A Day at the International Cricket – without going to the ground (much)

Cricket World Cup How To Play

International Cricket – What Cricket?

International Cricket – most people either love it or hate it.  I like watching it at the ground and on TV – I used to play the game as a junior, but I was fairly crap at it.  I was never going to be the Wisden Cricketer of the Year. Each year when the International Cricket comes to the Gabba in Brisbane, I go along in a group where everyone dresses up in a theme.

This year, everyone was dressed up as a lifeguard.  You can see the bay of lifeguards in our section of the ground below – and there is no David Hasselhoff or Pamela Anderson either.

lifeguards

Unfortunately, it pissed down from a great height on the day of the cricket, so most of the time was spent in a nearby pub drinking booze, waiting for the clouds to clear, and watching increasingly drunk punters play head wrestling.

See what I mean below. Maybe the crap weather was because it was Friday the 13th.

head-tug-of-war

The one annoying thing about the game is that if there’s any play possible – at all – you cannot obtain a refund for your ticket – the cricket administrators want to keep their money!

During this year’s Australia vs New Zealand International Cricket one day game, play was supposed to start at 1.15pm, and only commenced at 6pm, in a shortened version.

I’ve captured some of the action below.

michael-hussey

the-action

Unfortunately, for a game to be classed as a result, there has to be a minimum of 15 overs played for each side.  If rain shortens a game, a formula called the ‘Duckworth Lewis System’ is applied to work out what a suitable ‘target’ is for the chasing team.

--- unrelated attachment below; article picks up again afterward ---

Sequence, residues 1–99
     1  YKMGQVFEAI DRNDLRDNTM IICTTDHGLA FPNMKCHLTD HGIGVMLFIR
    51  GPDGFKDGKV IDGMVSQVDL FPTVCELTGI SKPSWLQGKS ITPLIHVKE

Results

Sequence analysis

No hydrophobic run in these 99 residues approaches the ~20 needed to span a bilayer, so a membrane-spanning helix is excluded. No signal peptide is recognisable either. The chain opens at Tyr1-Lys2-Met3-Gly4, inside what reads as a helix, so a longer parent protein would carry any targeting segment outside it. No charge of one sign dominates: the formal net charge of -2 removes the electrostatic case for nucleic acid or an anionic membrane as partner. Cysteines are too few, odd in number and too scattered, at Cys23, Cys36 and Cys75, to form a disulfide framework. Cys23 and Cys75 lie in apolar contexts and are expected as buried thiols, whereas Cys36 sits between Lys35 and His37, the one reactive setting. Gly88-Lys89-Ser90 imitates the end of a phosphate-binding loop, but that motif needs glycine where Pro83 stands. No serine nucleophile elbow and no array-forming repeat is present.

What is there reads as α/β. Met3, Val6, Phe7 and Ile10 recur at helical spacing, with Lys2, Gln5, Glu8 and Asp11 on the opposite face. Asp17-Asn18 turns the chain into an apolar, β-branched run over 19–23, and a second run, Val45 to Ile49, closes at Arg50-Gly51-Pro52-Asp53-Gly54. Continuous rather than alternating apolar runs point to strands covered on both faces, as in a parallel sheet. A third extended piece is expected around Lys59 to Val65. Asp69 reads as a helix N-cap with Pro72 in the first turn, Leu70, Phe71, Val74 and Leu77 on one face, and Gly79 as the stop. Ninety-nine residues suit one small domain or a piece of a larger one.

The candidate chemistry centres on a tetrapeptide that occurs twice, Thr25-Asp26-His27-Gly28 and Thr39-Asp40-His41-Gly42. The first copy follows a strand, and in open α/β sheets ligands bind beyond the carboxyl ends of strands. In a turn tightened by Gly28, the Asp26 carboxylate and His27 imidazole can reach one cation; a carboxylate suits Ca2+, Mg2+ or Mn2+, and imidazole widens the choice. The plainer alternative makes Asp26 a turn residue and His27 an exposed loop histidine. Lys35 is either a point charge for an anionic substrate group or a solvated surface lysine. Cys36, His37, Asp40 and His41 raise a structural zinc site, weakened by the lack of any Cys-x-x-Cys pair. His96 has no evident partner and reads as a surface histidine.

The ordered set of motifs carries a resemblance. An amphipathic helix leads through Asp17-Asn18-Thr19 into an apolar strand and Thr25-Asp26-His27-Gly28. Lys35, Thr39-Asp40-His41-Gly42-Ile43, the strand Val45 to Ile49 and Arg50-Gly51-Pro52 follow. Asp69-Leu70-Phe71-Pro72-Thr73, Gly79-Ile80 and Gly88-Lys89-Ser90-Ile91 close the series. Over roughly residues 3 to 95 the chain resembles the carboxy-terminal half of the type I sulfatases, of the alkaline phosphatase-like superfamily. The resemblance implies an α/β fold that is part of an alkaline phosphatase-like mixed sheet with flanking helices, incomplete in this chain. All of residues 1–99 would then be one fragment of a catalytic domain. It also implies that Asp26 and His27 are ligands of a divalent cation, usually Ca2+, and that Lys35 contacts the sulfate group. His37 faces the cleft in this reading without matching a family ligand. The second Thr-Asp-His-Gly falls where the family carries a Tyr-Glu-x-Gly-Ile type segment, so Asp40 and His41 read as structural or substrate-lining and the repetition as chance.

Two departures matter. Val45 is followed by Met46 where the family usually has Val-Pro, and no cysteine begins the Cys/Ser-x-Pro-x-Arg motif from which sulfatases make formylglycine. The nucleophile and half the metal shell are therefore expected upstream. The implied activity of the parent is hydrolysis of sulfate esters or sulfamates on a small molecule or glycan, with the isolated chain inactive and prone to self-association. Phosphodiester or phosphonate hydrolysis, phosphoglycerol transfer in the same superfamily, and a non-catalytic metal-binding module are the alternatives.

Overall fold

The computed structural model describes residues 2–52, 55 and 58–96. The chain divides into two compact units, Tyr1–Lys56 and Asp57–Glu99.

I’m not sure how it works, but I think it involves the measurement of a bee’s penis divided by the length of time it takes for a politician to say something honest (i.e. infinity) multiplied by how many beers the former Australian cricketer David Boon can drink on a plane flight from Sydney to London (which is 52 cans of beer).

Or something like that.

This year, the second innings only went for 14 overs – not enough for a result to be declared.  The result of the game, like most of that day was this pitiful sight:

raining-again

I’ll just have to wait until next year.

Or maybe I can hitch a ride to the Ashes in England this year in July.  I need to find some shonky way of getting there for some International Cricket. So I can laugh at these characters called the barmy army!

If anyone’s keen to offer me a blogging spot at the Ashes, let me know!

About Anthony The Travel Tart

The Travel Tart writes about the funny, offbeat and weird aspects of world travel today. Travel wasn't meant to be taken too seriously! Check out ways to say hi below or sign up for his silly newsletter!

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2 Comments

  1. November 10, 2012    

    You would get a refund if less than 25 overs are bowled for the day.

    Dressing up is always fun! Nothing quite like hearing the Balmy Army in full chorus!

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